Create Nature Center Experiences That Match Visitors’ Reasons for Visiting
In my most recent post, I profiled the work of Dr. John Falk, who I think has produced the most useful insights into nature center visitors that I’ve ever encountered. (If you haven’t read that entry, click here and check it out first. It’ll take you two minutes.)
What makes Dr. Falk’s stuff so valuable is that it’s actionable. You can do things at your nature center to serve the needs of the different types of visitors he has identified. He offers a number of practical suggestions in his book Identity and the Museum Visitor Experience. Here is a condensed version, with some of my own experiences added in:
Explorers. Falk says, “In many ways, Explorers are like serious shoppers or habitués of flea markets; they love to browse and bump into intellectual ‘bargains.’” How do you meet their needs? Always offer new stuff: new displays, new programs, new social media posts. In your exhibits, provide “layered” interpretation that invites them to move down to the finer print if they want more details. And let them wander around in pursuit of their own agenda—Explorers don’t like to be spoon-fed.
Facilitators. What satisfies a Facilitator most is believing that they are a good parent (or grandparent or friend) because they have made their guests happy. So one thing you can do is cater to their guests, who will often (though not always) be kids. You can also give Facilitators tools that make them successful, like the backpack discovery kits that many centers offer. Do you have an interactive exhibit for young children? Many of those children will be in the company of grandparents (a.k.a. Facilitators) who are there to engage with their grandkids. But we old people get tired! Put seating close enough to the exhibit so the adults can interact and rest at the same time.
Professional/Hobbyist. My friend Amy likes to explain, “I don’t shop—I buy.” She isn’t an Explorer, she’s a Professional/Hobbyist. As Falk says, “These visitors are typically on a mission.” Another thing about them is that they are often influencers, sought out by friends to give reviews. And they give critical ones, so get things right. (I visited the newly-opened “Wonders of Wildlife Museum & Aquarium” in my hometown of Springfield, Missouri, recently. In foot-high letters on a prominent wall they printed a quote by forester and conservationist Gifford Pinchot, and spelled his name “Pinchat.” I spent the rest of my visit looking for other things they might have gotten wrong.) Other things you can do to meet the needs of Professional/Hobbyists: connect them with your experts, give them behind-the-scenes tours, and host their meetings.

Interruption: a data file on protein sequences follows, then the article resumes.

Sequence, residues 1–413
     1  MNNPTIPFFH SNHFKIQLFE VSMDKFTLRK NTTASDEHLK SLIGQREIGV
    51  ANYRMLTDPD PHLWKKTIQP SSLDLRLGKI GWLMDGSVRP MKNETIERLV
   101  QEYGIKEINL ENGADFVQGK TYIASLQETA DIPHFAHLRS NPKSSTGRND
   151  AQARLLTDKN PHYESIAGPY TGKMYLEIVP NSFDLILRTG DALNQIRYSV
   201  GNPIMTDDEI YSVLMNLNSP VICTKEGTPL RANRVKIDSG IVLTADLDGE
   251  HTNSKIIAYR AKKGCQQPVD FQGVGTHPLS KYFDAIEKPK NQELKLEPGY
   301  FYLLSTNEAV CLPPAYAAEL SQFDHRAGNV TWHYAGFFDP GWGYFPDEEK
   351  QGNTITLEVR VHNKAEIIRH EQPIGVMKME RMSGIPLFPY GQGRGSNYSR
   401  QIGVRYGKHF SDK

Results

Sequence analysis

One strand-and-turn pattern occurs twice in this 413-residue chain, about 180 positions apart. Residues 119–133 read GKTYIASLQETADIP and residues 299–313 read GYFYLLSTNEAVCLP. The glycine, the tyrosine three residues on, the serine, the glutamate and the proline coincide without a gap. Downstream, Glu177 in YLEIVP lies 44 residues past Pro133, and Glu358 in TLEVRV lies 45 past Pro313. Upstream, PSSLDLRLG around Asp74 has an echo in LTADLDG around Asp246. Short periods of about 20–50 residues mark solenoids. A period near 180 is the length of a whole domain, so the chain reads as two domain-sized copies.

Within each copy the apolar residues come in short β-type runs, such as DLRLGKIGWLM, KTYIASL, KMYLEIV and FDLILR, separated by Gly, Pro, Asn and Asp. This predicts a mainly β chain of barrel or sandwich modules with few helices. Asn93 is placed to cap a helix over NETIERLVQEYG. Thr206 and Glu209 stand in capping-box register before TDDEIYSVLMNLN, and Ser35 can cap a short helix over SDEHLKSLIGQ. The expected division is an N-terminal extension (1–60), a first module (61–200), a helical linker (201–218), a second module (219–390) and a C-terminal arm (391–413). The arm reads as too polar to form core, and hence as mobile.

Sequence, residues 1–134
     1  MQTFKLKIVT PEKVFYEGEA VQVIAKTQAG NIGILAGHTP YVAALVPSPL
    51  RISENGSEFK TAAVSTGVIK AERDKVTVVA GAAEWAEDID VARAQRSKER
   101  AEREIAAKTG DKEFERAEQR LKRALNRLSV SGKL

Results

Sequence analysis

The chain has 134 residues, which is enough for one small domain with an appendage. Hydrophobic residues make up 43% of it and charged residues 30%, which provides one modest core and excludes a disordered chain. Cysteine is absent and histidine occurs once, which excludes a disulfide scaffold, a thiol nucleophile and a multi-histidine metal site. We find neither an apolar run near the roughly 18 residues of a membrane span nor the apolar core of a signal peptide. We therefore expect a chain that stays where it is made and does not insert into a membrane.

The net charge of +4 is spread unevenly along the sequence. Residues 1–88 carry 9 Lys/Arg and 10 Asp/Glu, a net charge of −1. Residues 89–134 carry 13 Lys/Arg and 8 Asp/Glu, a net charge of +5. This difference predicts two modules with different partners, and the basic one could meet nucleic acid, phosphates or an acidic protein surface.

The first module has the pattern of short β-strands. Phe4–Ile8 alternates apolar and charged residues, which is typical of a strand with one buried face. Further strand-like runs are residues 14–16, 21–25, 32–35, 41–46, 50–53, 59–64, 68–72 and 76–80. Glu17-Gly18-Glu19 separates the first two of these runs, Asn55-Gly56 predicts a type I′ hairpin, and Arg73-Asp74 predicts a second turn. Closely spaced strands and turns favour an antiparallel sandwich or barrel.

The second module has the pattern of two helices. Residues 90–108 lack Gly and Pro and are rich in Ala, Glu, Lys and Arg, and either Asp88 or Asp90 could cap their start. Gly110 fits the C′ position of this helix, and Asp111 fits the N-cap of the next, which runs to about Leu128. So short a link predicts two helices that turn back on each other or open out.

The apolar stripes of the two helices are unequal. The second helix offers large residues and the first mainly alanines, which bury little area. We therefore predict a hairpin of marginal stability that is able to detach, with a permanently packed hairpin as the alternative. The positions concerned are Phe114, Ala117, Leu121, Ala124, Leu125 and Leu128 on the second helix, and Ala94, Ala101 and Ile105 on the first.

Experience Seekers. As I mentioned in my last post, I don’t think most nature centers see very many of these. But if you have something iconic at your site, highlight it, and make sure people can take selfies with it in the background. Better yet—make sure your staff and volunteers are trained to offer to take those photos for them! At the Michigan DNR’s Outdoor Adventure Center in Detroit, they have a display that does the job automatically, taking your picture in an “eagle nest” and allowing you to post it on Facebook or email it to all of your pals.
Spiritual Seekers. Falk has more recently taken to using the term “Recharger,” which I like. And nature centers see a lot of them. These are the people who consider your site a “hidden gem” . . . and want it to stay hidden so they don’t have to share it with a bunch of boisterous kids. Enhance their visits by opening your trails early and late, and by putting out lots of benches in quiet, beautiful places. I once saw this taken a step further at the Chesapeake Bay Foundation’s Philip Merrill Environmental Center, where they attached a hard-bound blank journal to a bench with a little chain, and tucked it onto a shelf under the seat. Rechargers entered all kinds of thought-provoking comments, many prompted by entries already recorded there. Cool!
Exercisers. I must confess, I spent most of my years as a nature center manager trying to discourage this group. But I know they would have welcomed a water fountain about halfway out on our longest trail!
Next time—Do you really know who your visitors are, and how they fit into Falk’s categories?